Also included in this title are more enemy variants, and the ability to play online co-op with a friend. I was going to attempt to sample this in the demo, but unfortunately my scheduled partner was unable to make it in time for this preview.

I can’t wait to see what else is in store, with the game most likely installing as we speak.

Krome Studios Tease Brand New Ty the Tasmanian Tiger

Ty the Tasmanian Tiger announced 10 year anniversary

Australian developers, Krome Studios, have just recently teased a brand new entry in their Ty the Tasmanian Tiger series. An image was posted to subtly announce a brand new Ty game for their 10th anniversary. The image can be seen after the jump.

The first three Ty the Tasmanian Tiger was released on PlayStation 2, Gamecube and Xbox as a three-dimensional platformer. Both games were met with mild reception, being cited as fairly uninspired titles. Due to the lacklustre success, the third title wasn’t even released in Europe back when it launched in 2005, and that was the last we saw of the character.


The teaser below was taken from the official website for the developer

Ty the Tasmanian Tiger teaser 10 year anniversary

Preview: Need for Speed Hot Pursuit

Need for Speed Hot Pursuit Preview

The last time I truly played Need for Speed was back on the original PlayStation system. I slowly lost interest in the franchise at the time, as none of the new releases could outdo Need for Speed III: Hot Pursuit. The title had speed, action, and was just a lot of fun. Over a decade later, we have still yet to see a Need for Speed title to receive as much critical acclaim as Need for Speed III. At least, this was until Hot Pursuit returned, developed by Criterion Games – famous for their Burnout franchise. Intended to return to the roots of the Need for Speed franchise, Hot Pursuit is fast and filled with action as the police become heavily involved.

The change in developer has breathed a lot more life into the series. For a while, the Need for Speed series has been going downhill. After finishing Burnout Paradise – a very arcade-esque open world racing game, Criterion Games have really done a great job. Whilst the title is not as arcady as their Burnout franchise, Hot Pursuit is not quite a racing simulator like Forza or Gran Turismo either. It lies between. You can feel the weight of the vehicles, and it’s not quite as fast Burnout, but that doesn’t stop the title being quite over-the-top.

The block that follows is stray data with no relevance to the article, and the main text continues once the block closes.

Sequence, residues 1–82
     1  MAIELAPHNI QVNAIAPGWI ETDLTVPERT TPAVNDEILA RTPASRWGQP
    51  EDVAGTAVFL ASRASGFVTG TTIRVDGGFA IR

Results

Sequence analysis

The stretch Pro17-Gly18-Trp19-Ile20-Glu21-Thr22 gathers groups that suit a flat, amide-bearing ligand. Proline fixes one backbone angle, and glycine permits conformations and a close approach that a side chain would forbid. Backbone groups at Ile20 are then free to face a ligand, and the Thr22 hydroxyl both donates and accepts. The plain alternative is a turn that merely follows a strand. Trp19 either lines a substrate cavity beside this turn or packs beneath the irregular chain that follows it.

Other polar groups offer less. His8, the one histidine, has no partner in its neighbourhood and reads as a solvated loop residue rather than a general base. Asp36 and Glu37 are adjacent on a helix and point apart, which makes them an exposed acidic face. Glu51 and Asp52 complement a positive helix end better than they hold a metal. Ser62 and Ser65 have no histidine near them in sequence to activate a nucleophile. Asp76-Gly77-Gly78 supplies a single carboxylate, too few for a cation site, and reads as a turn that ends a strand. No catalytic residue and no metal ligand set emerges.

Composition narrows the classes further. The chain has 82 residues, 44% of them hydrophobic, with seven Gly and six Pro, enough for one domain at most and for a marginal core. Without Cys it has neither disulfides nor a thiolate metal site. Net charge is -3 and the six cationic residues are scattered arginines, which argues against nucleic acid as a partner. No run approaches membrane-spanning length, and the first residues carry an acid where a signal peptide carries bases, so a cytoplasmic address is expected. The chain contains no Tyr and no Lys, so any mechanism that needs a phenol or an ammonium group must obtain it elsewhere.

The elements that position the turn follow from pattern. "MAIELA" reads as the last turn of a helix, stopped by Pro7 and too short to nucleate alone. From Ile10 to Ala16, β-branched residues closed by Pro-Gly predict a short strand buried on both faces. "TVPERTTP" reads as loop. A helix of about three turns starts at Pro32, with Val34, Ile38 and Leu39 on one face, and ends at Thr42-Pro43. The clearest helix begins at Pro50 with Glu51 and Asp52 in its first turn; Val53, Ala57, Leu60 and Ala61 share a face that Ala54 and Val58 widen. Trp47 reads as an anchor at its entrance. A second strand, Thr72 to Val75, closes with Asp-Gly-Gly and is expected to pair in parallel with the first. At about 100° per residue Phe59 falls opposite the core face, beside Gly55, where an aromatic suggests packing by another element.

The Career mode consists of two separate campaigns, intermingled together on one large open country-side world. However, unlike Burnout Paradise, you’re not completely free to roam this open world. Instead, you select an event on the world map screen and jump straight into the action. You can play both a police officer and a law-breaking racer, but obviously once at a time. Unlike Criterion’s previous work, as a racer you cannot take out your fellow racers; however, as a police officer not only are you allowed to take down other vehicles, you may also use weapons to your advantage.

Hot Pursuit also introduces autolog, an innovative means to track your friends’ times and compete with them on each event. I got confused by what it referred to as ‘posting on my wall’ whenever I beat somebody’s time. I assumed it was posting to my Facebook account when in reality it was actually autolog’s own wall. It would have been neat to have had more social integration, but the entire system is fairly neat all the same.

Graphically, the game is stunning. The cars look beautiful, and the environment is gorgeous. It really is a stunning game. The title is also very loud, with the sounds adding to the immersion as you feel even more like you’re going at neck breaking speeds. There isn’t really much else to add about the sound except that the soundtrack is hit-or-miss.

I’ve been playing the game for a while now but I’ve seemingly not even put a dent into what it holds far, so the game appears to be rich in content.

Overall, this is a pretty solid racing game and a great debut into the franchise from Criterion. Whilst I still somewhat prefer Burnout Paradise because I’m more of a fan of the arcady style, this game is still great fun.

Farming Simulator Developers Looking To Expand Their Field to Console

In a surprising and exciting move, it appears that Farming Simulator, the silent hit franchise of two million sales since it launched in 2009, will be returning. To top it off, it’s no longer Windows-exclusive. That’s right, we can now take up the rake on console. Farming Simulator 2013 is due to launch on Windows, PlayStation 3 and Xbox 360 early next year. 

The new title will be bringing with it some new machinery, vehicles, crops, animals, environments, online functionality, and so on. I seriously can’t wait, and this is easily the best gaming news I’ve had all year.